Panic! At The Disco (Photo: Alex Rauch)

KROQ Weenie Roast 2018 Recap

Blink-182 & Mike Shinoda highlight a day of great performances

May 13, 2018
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By Ramon Gonzales

There was an early June gloom that shrouded the StubHub Center in Carson for Saturday’s 26th Annual KROQ Weenie Roast. However, the cloud cover worked periodically throughout the day by adding a bit of dramatic flair to the show. The sun would peer through, almost on cue, during what would become particularly memorable stanzas of different sets all afternoon. The Weenie Roast is always a party but something about this summer’s kickoff felt especially optimistic.

Mt. Joy (Photo: Alex Rauch)

For the eager fans that arrived early, the Bud Light side stage did not disappoint. Mt Joy had the tough task of stepping onstage first and proved convincing from the start. The folk-rock five-piece managed to set an auspicious tone with singles like “Silver Lining,” which quickly had the fans in their feels.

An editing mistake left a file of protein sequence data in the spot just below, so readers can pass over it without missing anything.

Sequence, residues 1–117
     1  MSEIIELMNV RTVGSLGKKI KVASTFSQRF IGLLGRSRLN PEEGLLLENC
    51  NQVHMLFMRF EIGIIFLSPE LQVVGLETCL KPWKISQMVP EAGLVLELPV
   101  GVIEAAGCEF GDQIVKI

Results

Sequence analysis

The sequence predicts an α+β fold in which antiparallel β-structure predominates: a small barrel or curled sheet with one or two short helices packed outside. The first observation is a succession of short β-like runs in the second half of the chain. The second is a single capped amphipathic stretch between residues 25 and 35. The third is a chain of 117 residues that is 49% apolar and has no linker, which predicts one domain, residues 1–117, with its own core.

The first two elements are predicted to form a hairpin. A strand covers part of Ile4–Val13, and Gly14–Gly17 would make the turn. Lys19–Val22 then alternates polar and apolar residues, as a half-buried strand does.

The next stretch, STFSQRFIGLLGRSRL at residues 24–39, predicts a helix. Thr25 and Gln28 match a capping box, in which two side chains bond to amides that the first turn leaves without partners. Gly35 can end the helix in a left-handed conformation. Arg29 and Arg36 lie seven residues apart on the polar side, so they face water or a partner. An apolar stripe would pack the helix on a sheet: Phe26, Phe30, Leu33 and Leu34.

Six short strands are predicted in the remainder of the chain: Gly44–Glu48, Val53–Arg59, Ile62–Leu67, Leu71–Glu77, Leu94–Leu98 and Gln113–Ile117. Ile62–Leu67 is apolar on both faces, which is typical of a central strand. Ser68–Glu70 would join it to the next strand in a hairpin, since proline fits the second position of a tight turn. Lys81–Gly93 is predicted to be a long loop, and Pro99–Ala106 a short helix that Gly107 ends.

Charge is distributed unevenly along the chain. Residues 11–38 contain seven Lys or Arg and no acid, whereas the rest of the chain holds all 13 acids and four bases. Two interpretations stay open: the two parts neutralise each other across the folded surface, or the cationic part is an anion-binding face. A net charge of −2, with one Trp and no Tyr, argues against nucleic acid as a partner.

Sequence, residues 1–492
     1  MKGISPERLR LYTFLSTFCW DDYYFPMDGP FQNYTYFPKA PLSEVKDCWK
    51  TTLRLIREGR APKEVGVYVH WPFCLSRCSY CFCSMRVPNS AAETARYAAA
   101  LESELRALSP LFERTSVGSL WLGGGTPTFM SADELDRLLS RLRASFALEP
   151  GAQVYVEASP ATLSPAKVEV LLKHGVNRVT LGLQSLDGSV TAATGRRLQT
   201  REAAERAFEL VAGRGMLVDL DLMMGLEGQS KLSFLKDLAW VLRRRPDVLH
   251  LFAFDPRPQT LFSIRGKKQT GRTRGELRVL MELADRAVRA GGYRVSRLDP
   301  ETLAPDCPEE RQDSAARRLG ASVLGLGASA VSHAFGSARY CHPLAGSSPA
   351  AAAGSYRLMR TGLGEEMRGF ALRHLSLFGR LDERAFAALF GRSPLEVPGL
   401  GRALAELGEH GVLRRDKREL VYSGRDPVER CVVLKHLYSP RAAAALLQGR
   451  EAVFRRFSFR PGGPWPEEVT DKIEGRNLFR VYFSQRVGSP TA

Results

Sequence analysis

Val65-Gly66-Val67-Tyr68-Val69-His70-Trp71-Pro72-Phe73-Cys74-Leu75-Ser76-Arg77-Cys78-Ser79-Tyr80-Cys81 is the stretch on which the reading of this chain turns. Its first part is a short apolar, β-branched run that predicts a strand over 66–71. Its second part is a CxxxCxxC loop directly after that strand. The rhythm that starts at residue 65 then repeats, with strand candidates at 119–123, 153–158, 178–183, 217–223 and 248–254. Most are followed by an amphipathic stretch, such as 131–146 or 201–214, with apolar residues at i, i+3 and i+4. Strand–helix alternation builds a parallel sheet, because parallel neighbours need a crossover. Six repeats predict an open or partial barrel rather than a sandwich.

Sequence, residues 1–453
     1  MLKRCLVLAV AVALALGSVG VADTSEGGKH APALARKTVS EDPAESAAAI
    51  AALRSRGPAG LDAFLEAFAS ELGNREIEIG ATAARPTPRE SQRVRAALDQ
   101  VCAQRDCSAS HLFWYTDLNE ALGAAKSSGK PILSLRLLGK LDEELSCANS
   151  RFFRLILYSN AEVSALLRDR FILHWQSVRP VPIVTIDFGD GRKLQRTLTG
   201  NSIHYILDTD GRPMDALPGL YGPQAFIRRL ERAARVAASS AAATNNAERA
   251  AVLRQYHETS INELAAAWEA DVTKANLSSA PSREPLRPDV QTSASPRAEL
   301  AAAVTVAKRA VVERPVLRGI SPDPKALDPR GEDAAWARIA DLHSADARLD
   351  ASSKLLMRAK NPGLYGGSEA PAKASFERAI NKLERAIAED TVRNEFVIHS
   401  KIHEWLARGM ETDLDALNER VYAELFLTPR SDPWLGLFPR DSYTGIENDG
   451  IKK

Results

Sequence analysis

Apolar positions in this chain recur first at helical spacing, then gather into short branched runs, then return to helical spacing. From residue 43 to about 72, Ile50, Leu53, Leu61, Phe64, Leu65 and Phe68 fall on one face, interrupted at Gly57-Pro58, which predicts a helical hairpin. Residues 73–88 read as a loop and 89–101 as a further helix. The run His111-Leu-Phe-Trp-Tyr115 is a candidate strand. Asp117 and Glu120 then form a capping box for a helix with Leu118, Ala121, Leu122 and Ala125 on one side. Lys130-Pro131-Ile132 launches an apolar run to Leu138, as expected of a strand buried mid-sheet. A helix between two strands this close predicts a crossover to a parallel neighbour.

Nothing But Thieves (Photo: Alex Rauch)

There were no lulls in the action as Conor Mason and the guys in Nothing But Thieves quickly picked up the energy. Tunes like “Wake Up Call” and the haymaker “Trip Switch” moved the crowd, but the band’s pseudo-ballad in “Sorry” proved to be one of those previously mentioned moments that felt especially moving.

Alice Merton (Photo: Alex Rauch)

The Weenie Roast featured a couple of strong front-women and Alice Merton’s matinee performance definitely upped the bar. Songs like ‘Lash Out” and “No Roots” were infectious as the tennis courts at StubHub clapped along in cadence with the songstress. 

James Bay (Photo: Alex Rauch)

The volume would again hit new levels when the shrill of the audience peaked for James Bay. Scoring another emotive highlight on the afternoon,“Hold Back The River,” complete with backup singers and Bay’s powerful delivery forced the audience to take a deep breath. New tunes like “Pink Lemonade” from Bay’s soon to be released Electric Light also scored big in what would be a well-rounded set.